Helms "Ashamed" Over Role in AIDS Fight
22 February 2002
-- In spite of -- or perhaps, because of -- his long-standing
and frequently vehement opposition to increased funding for
HIV prevention and AIDS treatment, Sen. Jesse Helms said on
Wednesday he was ashamed he had not done more to fight the
have been too lax too long in doing something really
significant about AIDS," Helms told hundreds of Christian
AIDS activists gathered for a conference in Washington.
"I'm not going to lay it aside on my agenda for the
remaining months I have" in office.
statement is extraordinary given the fierce opposition and
scorn with which the North Carolina Senator has treated
requests for government assistance in fighting the epidemic
over the course of his career.
Human Rights Campaign's David Smith said Helms comments were
"intriguing, coming from an individual who has done more
to ensure that the disease has gone unchecked and done more
harm to people with AIDS than any other person."
recently as 1995, Helms tried to kill the reauthorization of
the Ryan White Care Act, arguing against AIDS funding
increases proposed by then President Clinton.
government, he said, should spend less money on people with
AIDS because they got sick as a result of "deliberate,
disgusting, revolting conduct... We've got to have some common
sense about a disease transmitted by people deliberately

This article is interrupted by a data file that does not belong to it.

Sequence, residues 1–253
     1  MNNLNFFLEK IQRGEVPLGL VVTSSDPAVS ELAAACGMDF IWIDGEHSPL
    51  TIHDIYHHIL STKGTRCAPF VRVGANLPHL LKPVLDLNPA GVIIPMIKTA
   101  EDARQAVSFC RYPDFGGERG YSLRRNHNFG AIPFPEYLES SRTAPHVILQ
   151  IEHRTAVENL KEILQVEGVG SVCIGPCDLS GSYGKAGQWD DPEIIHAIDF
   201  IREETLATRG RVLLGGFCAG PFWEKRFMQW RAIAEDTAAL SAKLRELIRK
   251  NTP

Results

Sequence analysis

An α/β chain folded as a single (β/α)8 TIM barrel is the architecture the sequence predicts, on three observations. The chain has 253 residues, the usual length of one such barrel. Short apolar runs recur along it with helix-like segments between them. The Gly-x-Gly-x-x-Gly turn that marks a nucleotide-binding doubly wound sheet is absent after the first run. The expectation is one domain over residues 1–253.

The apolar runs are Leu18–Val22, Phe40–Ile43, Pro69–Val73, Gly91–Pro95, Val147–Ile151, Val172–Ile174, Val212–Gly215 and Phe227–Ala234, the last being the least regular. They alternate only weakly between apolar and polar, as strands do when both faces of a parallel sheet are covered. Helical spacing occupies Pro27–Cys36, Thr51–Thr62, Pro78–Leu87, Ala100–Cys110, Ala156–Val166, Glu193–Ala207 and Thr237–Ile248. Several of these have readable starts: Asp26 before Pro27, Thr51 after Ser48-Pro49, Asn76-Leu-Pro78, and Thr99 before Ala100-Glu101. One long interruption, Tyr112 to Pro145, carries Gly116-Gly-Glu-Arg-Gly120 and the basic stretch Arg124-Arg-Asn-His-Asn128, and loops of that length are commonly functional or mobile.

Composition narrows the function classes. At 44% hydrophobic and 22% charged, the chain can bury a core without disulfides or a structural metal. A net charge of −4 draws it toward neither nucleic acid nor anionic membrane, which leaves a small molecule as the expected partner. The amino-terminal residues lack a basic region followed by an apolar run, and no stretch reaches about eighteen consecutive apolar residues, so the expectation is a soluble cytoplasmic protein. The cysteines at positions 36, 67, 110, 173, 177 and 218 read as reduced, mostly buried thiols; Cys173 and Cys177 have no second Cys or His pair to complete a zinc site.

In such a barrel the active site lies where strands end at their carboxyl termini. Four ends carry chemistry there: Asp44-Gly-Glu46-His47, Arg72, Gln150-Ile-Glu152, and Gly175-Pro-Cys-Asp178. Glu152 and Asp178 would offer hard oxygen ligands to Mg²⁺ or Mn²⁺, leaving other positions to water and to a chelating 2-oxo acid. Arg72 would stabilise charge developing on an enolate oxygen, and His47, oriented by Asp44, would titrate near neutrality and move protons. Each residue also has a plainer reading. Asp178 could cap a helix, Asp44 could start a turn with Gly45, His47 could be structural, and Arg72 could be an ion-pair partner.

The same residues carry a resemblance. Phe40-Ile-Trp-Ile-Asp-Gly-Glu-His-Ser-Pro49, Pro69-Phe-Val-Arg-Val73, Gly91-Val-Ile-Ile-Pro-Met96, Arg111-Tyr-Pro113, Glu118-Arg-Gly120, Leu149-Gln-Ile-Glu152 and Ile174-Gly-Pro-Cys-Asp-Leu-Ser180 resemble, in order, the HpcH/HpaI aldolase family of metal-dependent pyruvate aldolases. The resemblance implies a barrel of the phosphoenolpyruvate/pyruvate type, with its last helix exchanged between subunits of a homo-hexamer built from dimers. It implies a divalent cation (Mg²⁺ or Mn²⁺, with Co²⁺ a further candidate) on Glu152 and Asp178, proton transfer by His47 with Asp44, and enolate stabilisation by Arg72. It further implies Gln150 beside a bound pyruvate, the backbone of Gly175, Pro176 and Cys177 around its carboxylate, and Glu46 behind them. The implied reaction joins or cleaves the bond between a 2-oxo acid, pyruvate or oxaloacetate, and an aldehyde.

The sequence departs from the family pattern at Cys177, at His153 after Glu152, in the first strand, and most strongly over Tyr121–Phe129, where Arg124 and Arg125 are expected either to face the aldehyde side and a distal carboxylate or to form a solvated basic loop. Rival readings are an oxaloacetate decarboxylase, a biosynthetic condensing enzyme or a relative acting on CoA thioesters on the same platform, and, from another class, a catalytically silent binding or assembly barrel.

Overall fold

engaging in unnatural acts," Helms told The New York
made no mention of gay people in his comments Wednesday,
though he did say, "There is no substitute for the joy
brought by strong and healthy marriages. We must not hesitate
to share this truth" with people around the world, he
was adressing the Prescription for Hope conference, organized
by Samaritan's Purse, a world relief charity led by Billy
Graham's son, Franklin Graham. The group calls AIDS a disease
of "Biblical proportions" that requires a more
unified response from the world's evangelical Christian
Museveni, wife of Uganda President Yoweri Museveni, also spoke
to the group and received praise from Helms for her anti-HIV
campaign based on "biblical values and sexual
purity." Citing First Lady Museveni's efforts, Helms
said, "I'm ashamed I've done so little."
surprisingly, Helms ignored Uganda's far more successful
efforts to combat the spread of HIV though its youth-targeted
sex-education and condom distribution programs that have
proven to be models for resource challenged countries across
the developing world.
aggressive prevention efforts have helped keep its infection
rates among the lowest in Africa.